MAUBEUGE, France (Reuters) – President Emmanuel Macron said Thursday that he had always condemned Marshal Philippe Petain, who had collaborated with Nazi Germany to put thousands of Jews to death, but reiterated his claims. praise for his military record of the First World War.
Stamps and a portrait of the French general Philippe Pétain, published in the French newspaper "L'Illustration" of August 4, 1917 (R), are visible in this illustration taken on November 8, 2018. REUTERS / Charles Platiau / Illustration
Macron angered Jewish groups and some political opponents on Wednesday by declaring that it was "legitimate" to honor Petain alongside the seven other French war marshals at commemorations marking the end of the Great War. this week.
Petain was considered a war hero after taking command of the French armies in mid-1917, following his victory at Verdun, a battle that killed more than 300,000 French and Germans.
But his reputation was undermined when he set up the Vichy government collaborator of unoccupied France who deported more than 70,000 Jews to Nazi death camps.
As criticism mounted on Wednesday, Macron's aides said only the five marshals buried at the Invalides monument in Paris would receive an official tribute. On Thursday, the president said that it had never been planned to honor Petain personally.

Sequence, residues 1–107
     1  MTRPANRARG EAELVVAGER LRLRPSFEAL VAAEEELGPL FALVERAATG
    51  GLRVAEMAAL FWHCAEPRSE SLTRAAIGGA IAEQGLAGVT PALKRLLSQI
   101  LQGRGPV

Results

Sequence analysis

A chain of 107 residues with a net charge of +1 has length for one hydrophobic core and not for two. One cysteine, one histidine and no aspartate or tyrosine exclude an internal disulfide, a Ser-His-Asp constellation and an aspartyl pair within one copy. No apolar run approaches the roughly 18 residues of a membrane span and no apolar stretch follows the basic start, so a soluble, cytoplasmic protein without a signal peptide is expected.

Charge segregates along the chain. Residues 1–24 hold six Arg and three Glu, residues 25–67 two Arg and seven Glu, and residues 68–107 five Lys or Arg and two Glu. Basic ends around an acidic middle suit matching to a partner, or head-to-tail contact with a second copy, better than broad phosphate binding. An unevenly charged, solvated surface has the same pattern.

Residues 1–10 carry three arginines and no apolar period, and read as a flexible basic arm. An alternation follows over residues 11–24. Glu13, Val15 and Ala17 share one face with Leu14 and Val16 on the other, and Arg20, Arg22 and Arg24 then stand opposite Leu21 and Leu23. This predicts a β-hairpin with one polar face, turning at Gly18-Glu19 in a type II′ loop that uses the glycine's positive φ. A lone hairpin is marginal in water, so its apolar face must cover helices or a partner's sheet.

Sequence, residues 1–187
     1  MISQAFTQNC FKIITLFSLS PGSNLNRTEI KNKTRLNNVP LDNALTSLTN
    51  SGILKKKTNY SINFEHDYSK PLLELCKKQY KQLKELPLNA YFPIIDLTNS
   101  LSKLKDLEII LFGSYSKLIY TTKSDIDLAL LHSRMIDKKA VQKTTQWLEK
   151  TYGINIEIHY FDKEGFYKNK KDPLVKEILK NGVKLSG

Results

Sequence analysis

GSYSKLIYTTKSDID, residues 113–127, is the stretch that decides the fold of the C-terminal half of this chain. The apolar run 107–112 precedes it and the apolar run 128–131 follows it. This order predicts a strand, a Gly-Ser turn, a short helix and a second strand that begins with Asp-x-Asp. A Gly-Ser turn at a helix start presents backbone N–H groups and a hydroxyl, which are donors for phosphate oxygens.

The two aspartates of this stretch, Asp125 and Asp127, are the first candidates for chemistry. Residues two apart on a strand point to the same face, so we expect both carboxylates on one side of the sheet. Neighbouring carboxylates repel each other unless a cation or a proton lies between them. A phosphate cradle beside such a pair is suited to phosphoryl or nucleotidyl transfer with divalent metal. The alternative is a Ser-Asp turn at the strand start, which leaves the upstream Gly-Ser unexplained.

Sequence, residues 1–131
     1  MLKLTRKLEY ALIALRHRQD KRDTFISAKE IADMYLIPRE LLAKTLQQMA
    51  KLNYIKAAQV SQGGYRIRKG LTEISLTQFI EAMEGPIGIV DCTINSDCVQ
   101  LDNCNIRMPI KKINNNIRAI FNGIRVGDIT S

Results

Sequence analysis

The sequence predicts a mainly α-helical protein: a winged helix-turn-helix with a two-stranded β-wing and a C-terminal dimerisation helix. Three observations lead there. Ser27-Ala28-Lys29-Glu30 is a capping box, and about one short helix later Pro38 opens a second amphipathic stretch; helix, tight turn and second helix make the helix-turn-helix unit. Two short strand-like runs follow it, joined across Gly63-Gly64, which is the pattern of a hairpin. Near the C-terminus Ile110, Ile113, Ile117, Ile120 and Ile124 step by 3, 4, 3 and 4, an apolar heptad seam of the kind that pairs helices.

"We are celebrating the centenary of the conflict of a nation (…) and it is normal for our army to remember its soldiers, and especially its marshals," Macron told reporters in Maubeuge, near the Franco-Belgian border.
"I firmly condemned the 1940's Pétain and I did it unambiguously. I also said yesterday that Marshal Petain was one of the greatest soldiers of 1914-1918 and that history can not scratch him. "
Francois Hollande, Macron's predecessor to the presidency, said: "History does not isolate a single period, not even a glorious military career."
The body representing the 400,000-strong French Jewish community, the Crif, called the idea of paying homage to "shocking" Petain. Jean-Luc Melenchon, leader of the left-wing party France Insoumise (France Unbowed), described Petain as a "traitor and anti-Semite" whose "crimes and betrayal can not be erased from history".
After the Second World War, Petain was sentenced to death for treason, although then-president Charles de Gaulle, a long-time admirer of Petain's military exploits, reduced his sentence to life imprisonment, where he died. 95 years old in 1951.
Macron spends the week on the battlefields in the north and east of France to honor the dead of the Great War. 1.4 million French soldiers perished, an opportunity for a criticized leader to be disconnected from the citizens.
Reportage of Marine Pennetier in Maubeuge, additional report and drafting of Richard Lough; Edited by Robin Pomeroy